Two intrepid librarians

Two intrepid librarians review the best nonfiction books for children

Monday, September 1, 2014

Guys Read: True Stories

Guys Read: True Stories 
edited by Jon Scieszka
illustrated by Brian Floca
Walden Pond Press, 2014
ISBN: 9780061963827
On shelves: Sept. 16, 2014
Grades 4 and up

The reviewer received an advanced copy of the book from the publisher.

Author, Jon Scieszka, has dedicated his life to inspiring boys to read, and he's succeeding. Not only did he serve as the National Ambassador for Young People's Literature. He also created the popular Guys Read website, and he publishes a Guys Read anthology series. The latest addition to the Guys Read library is a real treat for middle grade readers (both boys and girls). In Guys Read: True Stories, Scieszka has compiled outrageous, amazing, and sometimes scary, informational stories from ten authors including Steve Sheinkin, Sy Montgomery, Candace Fleming, and Jim Murphy.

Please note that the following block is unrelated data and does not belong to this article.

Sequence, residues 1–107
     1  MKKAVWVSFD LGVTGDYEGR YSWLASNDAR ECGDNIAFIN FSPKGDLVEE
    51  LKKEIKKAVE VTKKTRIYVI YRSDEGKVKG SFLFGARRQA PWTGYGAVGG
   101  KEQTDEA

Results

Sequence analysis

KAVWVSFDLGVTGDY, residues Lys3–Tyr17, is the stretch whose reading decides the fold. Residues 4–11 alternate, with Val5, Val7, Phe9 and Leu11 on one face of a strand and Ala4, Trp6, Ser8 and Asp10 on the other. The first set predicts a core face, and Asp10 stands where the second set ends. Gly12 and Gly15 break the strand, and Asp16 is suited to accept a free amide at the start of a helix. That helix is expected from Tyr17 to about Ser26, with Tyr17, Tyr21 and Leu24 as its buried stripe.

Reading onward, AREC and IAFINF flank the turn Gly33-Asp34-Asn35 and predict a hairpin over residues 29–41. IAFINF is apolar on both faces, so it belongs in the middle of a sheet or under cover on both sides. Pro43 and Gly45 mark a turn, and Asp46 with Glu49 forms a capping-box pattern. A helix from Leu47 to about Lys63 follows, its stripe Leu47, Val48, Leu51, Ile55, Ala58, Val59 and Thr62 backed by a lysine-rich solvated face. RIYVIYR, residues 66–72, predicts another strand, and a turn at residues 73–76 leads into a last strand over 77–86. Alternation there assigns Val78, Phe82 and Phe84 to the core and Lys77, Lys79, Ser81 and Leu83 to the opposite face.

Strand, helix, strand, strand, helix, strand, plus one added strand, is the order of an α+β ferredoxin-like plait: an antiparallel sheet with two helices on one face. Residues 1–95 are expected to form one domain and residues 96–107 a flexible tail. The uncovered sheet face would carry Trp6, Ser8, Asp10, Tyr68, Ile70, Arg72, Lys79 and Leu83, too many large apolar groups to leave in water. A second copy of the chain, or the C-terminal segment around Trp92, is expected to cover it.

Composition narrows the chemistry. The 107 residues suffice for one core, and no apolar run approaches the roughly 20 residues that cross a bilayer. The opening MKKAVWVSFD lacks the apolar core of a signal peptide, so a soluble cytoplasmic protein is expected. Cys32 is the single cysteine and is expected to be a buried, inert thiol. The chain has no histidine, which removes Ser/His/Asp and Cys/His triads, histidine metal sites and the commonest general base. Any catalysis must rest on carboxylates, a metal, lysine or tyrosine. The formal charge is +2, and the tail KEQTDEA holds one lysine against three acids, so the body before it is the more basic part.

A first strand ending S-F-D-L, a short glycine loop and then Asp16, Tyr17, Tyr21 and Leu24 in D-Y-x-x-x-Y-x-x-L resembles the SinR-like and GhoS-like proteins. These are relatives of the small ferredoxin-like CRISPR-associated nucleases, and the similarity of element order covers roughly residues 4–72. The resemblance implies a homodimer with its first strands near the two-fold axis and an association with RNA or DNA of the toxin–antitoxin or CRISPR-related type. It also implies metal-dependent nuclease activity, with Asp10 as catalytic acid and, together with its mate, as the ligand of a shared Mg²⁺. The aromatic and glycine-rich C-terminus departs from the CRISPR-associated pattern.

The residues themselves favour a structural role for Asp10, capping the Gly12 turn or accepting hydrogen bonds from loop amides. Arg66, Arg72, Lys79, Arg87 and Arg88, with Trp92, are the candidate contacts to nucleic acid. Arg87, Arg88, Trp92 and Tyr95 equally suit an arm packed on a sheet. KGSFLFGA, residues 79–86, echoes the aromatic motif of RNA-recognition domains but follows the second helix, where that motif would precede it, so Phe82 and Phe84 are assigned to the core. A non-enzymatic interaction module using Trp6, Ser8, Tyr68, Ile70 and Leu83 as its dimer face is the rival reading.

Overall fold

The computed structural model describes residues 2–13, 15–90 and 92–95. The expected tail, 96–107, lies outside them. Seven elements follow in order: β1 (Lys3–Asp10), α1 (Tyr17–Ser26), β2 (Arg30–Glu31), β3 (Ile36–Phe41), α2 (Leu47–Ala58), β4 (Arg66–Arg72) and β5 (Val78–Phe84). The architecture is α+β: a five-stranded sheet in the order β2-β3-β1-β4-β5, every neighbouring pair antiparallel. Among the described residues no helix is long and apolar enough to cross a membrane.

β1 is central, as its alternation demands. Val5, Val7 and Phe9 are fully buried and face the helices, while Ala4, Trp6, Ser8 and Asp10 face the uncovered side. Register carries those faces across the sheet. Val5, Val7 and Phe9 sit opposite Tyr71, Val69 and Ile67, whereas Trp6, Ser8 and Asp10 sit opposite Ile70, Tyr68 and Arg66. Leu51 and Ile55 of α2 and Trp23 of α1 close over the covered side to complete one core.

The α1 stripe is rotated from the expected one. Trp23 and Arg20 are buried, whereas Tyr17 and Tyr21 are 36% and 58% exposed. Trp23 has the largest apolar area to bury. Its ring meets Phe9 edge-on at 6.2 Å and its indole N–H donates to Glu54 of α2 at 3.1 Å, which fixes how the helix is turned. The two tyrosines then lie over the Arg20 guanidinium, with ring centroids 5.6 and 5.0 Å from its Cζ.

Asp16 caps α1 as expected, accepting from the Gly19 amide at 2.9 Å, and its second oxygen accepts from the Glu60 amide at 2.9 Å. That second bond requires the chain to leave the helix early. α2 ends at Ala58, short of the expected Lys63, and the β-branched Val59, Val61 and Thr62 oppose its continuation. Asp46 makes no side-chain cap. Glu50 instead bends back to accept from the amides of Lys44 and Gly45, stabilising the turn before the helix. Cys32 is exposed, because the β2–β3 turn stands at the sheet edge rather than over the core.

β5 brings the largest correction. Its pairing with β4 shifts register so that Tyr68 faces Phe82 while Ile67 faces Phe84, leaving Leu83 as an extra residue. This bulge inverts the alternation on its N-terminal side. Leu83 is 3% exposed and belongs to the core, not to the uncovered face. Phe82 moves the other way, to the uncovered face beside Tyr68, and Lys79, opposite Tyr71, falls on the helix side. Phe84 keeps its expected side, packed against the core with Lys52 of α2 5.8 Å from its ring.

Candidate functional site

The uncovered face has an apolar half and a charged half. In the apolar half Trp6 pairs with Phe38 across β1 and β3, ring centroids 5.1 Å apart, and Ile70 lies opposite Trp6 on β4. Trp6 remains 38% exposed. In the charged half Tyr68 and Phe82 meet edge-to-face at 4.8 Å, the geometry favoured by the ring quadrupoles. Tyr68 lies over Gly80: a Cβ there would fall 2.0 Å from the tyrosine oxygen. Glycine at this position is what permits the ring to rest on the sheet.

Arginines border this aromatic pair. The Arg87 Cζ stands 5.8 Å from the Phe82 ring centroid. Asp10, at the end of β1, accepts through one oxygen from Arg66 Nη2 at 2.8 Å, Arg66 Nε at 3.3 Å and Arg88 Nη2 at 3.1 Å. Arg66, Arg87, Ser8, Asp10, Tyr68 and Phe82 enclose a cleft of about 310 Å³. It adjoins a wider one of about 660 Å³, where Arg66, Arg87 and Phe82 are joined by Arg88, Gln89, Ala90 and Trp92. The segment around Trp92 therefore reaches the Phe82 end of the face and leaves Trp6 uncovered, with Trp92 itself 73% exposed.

Readers will feel what it's like to be stranded in the Sahara Desert with Captain James Riley, study tarantulas in French Guiana, and learn about the sometimes painful history of dental care. Fans of Nathan Hale's Hazardous Tales will appreciate Hale's graphic novel vignette about pioneer Hugh Glass set in 1823. There are also science poems by Douglas Florian, a memoir about growing up in Vietnam by Thanhha Lai, and a biography of Muddy Waters by Elizabeth Partridge.  Each chapter begins with an illustration by Brian Floca and ends with a bibliography of sources.

The beautiful thing about Guys Read True Stories is that it's going to make everyone happy. History and science buffs will love these unbelievable (yet true) stories, reluctant readers won't be able to put it down, and teachers can use the book as a mentor text for writing or as an exciting read aloud. The most difficult aspect is deciding where to shelve it in the library. Do you put it in the series section with the other Guys Read books, shelve it with short stories (800s), or place it in general knowledge in nonfiction with the "survey" books? The answer is to put it on display and watch it get scooped up by the readers in your library.

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